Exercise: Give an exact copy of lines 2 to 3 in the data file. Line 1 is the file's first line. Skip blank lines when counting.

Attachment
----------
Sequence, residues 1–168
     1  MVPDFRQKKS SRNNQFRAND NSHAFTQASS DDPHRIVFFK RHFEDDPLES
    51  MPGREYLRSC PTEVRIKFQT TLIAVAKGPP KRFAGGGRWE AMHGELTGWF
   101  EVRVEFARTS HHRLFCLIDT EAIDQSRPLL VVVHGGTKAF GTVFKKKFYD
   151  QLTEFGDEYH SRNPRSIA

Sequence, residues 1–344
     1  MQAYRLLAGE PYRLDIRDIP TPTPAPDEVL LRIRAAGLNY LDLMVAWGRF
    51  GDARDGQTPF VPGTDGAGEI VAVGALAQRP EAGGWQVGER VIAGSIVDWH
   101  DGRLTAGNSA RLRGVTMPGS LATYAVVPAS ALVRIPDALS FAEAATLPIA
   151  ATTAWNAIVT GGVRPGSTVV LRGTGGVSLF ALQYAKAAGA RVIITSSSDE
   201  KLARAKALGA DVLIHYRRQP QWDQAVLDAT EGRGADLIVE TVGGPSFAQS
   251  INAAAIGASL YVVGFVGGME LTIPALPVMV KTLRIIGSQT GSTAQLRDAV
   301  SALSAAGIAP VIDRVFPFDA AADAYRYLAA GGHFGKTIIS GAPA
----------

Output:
     1  MVPDFRQKKS SRNNQFRAND NSHAFTQASS DDPHRIVFFK RHFEDDPLES
    51  MPGREYLRSC PTEVRIKFQT TLIAVAKGPP KRFAGGGRWE AMHGELTGWF